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Requested Recipe:

SARSAPARILLA WINES


"Is the sarsaparilla bean suitable for making wine,
and if so, do you have a recipe you could share?"
Peter Rodger, Brisbane, Queensland Australia




SARSAPARILLA


Sarsaparilla wine can be made several ways that I know of, but using the bean is beyond my experience. Usually it uses the ground dried roots of any of several tropical American plants of the genus Smilax, but especially Smilax aristolochiaefolia or Smilax zarzaparrilla of Mexico. However, it can also be made with the leaves of those plants, or the leaves of Aralia hispida or Aralia nudicaulis of North America. These latter two plants produce clusters of small white flowers which can also be used to make wine, although its flavor will be quite different than wine made from the roots or leaves described above.

Below are four recipes using the roots, leaves and flowers, as mentioned.


SARSAPARILLA WINE (1)

Bring 1 pints water to boil and stir in sarsaparilla, caramel and sugar. Stir until sugar and caramel are completely dissolved. Remove from heat and add remaining water. Stir in tartaric acid and yeast nutrient, cover and set aside to cool. When at room temperature, stir in crushed Campden tablet, recover and set aside for 12 hours. Add activated yeast and ferment 4 days, stirring 2-3 time per day. Pour liquid through nylon straining bag into secondary and fit airlock. Rack, top up and refit airlock every 30 days until wine clears and no new sediments form over 30-day period. Stabilize, sweeten if desired, wait 10 days, and rack into bottles. May drink immediately, but improves with 6 months aging. [Recipe adapted from C.J.J. Berry's First Steps in Winemaking]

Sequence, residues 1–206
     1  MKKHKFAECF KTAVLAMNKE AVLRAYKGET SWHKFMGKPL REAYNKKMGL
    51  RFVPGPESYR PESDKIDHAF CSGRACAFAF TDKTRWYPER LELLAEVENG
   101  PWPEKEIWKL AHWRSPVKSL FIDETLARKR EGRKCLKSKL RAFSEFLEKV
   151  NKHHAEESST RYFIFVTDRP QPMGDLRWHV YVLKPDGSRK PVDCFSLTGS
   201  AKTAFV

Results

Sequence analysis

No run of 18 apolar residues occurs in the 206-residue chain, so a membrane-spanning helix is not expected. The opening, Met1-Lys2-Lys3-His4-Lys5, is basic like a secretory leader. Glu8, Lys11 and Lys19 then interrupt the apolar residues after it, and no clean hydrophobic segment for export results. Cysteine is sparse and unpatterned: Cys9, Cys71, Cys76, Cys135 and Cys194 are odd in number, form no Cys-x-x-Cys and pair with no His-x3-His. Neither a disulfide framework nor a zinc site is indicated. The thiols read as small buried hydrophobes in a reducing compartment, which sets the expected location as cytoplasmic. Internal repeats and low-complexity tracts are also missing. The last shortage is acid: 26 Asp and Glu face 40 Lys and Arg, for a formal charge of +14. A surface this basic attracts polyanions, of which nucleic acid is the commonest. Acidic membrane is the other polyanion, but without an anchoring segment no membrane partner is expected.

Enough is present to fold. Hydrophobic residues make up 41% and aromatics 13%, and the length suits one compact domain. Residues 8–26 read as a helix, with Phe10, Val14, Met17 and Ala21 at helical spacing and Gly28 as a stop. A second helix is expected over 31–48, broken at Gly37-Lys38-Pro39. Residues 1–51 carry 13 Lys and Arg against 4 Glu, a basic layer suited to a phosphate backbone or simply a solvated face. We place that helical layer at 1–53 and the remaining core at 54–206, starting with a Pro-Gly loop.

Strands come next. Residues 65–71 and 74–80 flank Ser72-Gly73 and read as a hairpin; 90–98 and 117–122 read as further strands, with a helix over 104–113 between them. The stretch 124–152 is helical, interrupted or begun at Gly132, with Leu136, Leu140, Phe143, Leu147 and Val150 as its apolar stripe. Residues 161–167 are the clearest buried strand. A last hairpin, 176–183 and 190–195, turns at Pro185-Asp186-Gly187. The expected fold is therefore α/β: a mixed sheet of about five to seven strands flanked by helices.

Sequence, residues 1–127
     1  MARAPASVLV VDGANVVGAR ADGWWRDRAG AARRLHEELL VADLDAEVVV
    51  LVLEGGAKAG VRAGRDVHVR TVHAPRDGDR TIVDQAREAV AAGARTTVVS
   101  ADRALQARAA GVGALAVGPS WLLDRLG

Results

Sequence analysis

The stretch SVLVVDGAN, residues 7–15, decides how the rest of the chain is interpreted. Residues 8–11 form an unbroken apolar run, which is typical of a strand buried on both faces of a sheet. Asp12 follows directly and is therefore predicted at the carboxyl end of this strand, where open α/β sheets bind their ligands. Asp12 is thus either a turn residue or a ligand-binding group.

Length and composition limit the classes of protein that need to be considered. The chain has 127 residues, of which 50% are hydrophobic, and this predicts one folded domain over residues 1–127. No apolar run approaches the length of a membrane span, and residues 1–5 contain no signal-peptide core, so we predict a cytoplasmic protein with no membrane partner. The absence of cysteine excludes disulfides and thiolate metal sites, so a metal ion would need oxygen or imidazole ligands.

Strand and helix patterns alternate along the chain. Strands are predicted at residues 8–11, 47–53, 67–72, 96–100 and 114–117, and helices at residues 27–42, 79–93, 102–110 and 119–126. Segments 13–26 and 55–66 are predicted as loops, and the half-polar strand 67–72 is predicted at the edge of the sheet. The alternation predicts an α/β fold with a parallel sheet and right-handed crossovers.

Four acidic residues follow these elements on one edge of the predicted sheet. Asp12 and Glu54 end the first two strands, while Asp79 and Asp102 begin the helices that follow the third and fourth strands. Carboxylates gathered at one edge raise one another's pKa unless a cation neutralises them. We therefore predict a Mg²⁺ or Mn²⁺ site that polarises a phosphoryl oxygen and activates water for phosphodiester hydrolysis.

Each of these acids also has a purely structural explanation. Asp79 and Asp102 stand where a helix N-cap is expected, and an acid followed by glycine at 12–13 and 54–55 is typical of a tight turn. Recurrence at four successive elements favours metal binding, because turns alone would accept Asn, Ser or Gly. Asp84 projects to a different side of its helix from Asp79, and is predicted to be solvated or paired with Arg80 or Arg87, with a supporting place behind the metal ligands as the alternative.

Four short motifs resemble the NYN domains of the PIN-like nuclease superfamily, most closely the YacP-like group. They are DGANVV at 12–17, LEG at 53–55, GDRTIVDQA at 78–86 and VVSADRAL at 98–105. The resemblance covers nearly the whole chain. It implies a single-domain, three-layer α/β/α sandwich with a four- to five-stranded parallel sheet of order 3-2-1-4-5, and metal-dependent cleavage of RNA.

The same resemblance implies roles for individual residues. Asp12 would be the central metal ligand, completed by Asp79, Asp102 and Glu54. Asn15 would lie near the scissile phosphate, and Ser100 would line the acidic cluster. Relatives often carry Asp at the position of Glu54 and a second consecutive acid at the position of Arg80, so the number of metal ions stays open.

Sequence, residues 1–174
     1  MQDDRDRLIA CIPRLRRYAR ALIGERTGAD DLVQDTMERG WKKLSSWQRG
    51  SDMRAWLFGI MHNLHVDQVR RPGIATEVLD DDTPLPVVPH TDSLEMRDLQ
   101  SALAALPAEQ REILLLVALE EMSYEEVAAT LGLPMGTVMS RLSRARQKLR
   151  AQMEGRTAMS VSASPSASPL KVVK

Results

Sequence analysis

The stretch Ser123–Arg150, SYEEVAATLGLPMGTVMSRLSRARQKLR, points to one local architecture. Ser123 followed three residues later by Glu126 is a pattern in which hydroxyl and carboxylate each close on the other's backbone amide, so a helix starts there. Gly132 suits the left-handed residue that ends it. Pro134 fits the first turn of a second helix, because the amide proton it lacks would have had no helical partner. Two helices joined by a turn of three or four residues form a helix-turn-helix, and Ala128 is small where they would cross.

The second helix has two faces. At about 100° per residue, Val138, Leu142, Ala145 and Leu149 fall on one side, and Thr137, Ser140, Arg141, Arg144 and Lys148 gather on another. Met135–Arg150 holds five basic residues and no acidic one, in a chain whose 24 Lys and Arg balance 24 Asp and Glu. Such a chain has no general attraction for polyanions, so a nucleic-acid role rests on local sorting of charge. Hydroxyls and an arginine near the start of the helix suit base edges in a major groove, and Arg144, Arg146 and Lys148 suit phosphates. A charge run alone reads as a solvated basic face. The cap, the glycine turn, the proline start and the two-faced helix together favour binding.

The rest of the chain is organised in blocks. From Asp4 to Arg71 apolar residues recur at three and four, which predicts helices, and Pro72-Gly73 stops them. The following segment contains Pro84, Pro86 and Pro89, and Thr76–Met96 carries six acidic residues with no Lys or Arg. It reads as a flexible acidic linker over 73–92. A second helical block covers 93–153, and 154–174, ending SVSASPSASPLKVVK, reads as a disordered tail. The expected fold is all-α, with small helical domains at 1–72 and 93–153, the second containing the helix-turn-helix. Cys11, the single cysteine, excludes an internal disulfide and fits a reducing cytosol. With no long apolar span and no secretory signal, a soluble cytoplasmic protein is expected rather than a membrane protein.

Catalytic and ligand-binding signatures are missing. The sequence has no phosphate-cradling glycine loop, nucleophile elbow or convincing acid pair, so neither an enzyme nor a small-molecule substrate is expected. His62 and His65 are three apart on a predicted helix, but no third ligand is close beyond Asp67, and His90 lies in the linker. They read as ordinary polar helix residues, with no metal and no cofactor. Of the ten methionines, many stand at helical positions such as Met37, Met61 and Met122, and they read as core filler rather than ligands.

SARSAPARILLA WINE (2)

Bring water to boil and stir in sugar until dissolved. Meanwhile, wash leaves, chop coarsely and place in primary. Add citric acid, yeast nutrient and boiling sugar-water. Cover and set aside to achieve room temperature. Stir in crushed Campden tablet, recover and set aside 12 hours. Add activated yeast and recover primary. Stir twice daily for 5 days and strain liquid into secondary. Rack, top up and refit airlock every 30 days until wine clears and no new sediments form over 30-day period. Stabilize, sweeten if desired, wait 10 days, and rack into bottles. May drink immediately, but improves with 6 months aging. [Recipe adapted from Leo Zanelli's Home Winemaking from A to Z]


SARSAPARILLA WINE (3)

Bring water to boil and stir in sugar until dissolved. Meanwhile, thinly slice bananas with skins intact and put in primary with sarsaparilla, citric acid, tannin, and yeast nutrient. Pour boiling water over ingredients in primary, cover and set aside to cool. When room temperature, stir in crushed Campden, recover primary and set aside 12 hours. Add activated yeast, recover and stir daily for 10 days. Strain liquid into secondary, top up and fit airlock. Rack, top up and refit airlock every 30 days until wine clears and no new sediments form over 30-day period. Stabilize, sweeten to taste, wait 10 days, and rack into bottles. Age 6 months before drinking, although 12 months is better. [Recipe adapted from C.J.J. Berry's 130 New Winemaking Recipes]


SARSAPARILLA WINE (4)

Bring water to boil and stir in sugar until dissolved. Meanwhile, sarsaparilla flowers and place in primary with acid blend, tannin and yeast nutrient. Pour boiling water over ingredients in primary, cover and set aside. When cooled to room temperature, stir in crushed Campden, recover primary and set aside 12 hours. Add activated yeast, recover and stir daily for 6-7 days. Strain liquid into secondary, top up and fit airlock. Rack, top up and refit airlock every 30 days until wine clears and no new sediments form over 30-day period. Stabilize, sweeten if desired, wait 10 days, and rack into bottles. Cellar wine 6 months before tasting. [Author's own recipe]


My thanks to Peter Rodger of Brisbane, Queensland Australia, for requesting this recipe.


This page was updated on August 1st, 2000

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